Seems odd, doesn't it? Why hide the fact that IVL is an integral part of the school's curriculum, unless...could it be that uncomfortable truth shows a continuing link to Smart Schools Management?
In a version of the same page available this morning (below), you can clearly see that "Our core philosophies" replaced "three primary underpinnings". (I've blocked the child's face, although it appears on the school's site.)
In approving the Bay City Academy's deficit plan, the MDE requested that the charter school assure officials it is no longer associated in any way with Smart Schools Management, Inc., the company owned by school founder Steven Ingersoll.
Various Ingersoll-controlled entities own the buildings housing the school, and holds a non-cancelable 20-year capital operating lease with the Academy for the Madison Arts, Farragut Schoolhouse and Old Y buildings.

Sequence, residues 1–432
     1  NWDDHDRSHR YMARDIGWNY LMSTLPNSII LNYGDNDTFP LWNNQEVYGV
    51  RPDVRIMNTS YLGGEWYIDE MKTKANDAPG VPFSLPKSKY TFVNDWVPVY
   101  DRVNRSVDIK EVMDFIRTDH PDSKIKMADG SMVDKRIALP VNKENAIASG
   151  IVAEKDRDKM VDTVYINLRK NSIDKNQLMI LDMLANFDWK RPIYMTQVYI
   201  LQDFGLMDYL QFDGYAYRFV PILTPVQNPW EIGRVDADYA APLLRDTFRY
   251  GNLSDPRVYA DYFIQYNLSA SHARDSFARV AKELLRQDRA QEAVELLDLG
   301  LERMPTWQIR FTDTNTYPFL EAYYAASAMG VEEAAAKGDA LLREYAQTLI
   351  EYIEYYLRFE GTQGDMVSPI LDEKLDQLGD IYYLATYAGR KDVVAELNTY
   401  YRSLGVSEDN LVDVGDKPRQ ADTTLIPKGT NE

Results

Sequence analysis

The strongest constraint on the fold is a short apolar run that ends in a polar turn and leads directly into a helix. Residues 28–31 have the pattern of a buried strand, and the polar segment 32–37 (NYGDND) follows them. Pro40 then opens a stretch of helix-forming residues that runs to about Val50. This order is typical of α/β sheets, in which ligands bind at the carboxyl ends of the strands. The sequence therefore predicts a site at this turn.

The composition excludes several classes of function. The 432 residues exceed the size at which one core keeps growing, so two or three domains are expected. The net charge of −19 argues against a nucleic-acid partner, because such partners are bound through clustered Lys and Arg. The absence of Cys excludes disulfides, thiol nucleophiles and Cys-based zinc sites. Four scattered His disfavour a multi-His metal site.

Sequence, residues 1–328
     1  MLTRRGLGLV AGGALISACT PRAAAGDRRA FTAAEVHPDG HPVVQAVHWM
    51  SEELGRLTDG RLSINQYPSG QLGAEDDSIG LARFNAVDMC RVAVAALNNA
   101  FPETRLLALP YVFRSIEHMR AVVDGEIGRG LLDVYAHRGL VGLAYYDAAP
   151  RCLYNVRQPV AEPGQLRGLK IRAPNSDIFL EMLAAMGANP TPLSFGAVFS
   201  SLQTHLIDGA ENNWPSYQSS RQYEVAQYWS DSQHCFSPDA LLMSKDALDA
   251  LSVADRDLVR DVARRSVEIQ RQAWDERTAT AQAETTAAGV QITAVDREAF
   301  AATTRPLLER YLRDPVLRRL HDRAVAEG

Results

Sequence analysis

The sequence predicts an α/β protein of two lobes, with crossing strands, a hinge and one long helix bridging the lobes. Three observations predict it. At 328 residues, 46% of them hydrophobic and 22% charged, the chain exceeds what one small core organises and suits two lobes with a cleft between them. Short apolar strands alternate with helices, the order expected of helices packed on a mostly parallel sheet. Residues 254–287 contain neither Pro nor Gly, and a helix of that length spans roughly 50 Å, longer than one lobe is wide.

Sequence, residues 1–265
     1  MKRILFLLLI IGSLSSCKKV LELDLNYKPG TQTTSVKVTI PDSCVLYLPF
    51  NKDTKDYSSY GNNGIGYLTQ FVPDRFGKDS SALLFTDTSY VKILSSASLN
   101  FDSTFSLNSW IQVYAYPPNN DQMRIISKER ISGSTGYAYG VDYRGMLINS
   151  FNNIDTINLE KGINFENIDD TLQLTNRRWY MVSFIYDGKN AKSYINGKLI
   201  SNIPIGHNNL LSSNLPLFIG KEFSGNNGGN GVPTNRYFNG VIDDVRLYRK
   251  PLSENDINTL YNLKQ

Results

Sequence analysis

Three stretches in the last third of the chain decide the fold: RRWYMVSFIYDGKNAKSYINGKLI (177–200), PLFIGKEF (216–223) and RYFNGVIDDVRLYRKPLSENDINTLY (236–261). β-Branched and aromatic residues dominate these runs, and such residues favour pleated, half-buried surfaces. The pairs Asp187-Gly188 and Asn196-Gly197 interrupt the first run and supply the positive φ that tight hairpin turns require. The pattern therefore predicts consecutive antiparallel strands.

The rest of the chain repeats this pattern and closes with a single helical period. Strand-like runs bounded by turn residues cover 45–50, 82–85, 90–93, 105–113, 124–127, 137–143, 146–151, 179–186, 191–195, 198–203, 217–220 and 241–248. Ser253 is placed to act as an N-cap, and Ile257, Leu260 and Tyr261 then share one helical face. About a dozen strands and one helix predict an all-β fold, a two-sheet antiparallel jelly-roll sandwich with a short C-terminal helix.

And as IVL has been the foundation of the school's curriculum since opening its doors, it seems likely that Ingersoll's would be getting an income stream from that connection.
Shouldn't that qualify as being "associated" with Steven Ingersoll and his Smart Schools Management, Inc.?
Although the name of the school will not change, something else clearly has.
Why would Brian Lynch and Mitten Management wipe away all references to IVL, which were liberally sprinkled throughout the Academy's official Redesign Plan, submitted to the MDE on April 16, 2105?
In that plan (excerpt shown above), Integrated Visual Learning is revealed to be at the "core of the curriculum" for the Bay City Academy.
Is it possible that, like Full Spectrum Management's Mark Noss, Lynch's Mitten Management is making substantial payments to Steven Ingersoll?
I'm betting if you ask Lynch, he'll decline to comment.
As for Miss Fortune, I wouldn't be surprised to discover that piles of money are still flowing from the Bay City Academy to Steven Ingersoll, and that he still exerts control and influence on the school he founded.
Looks like someone forgot about the North Central Academy!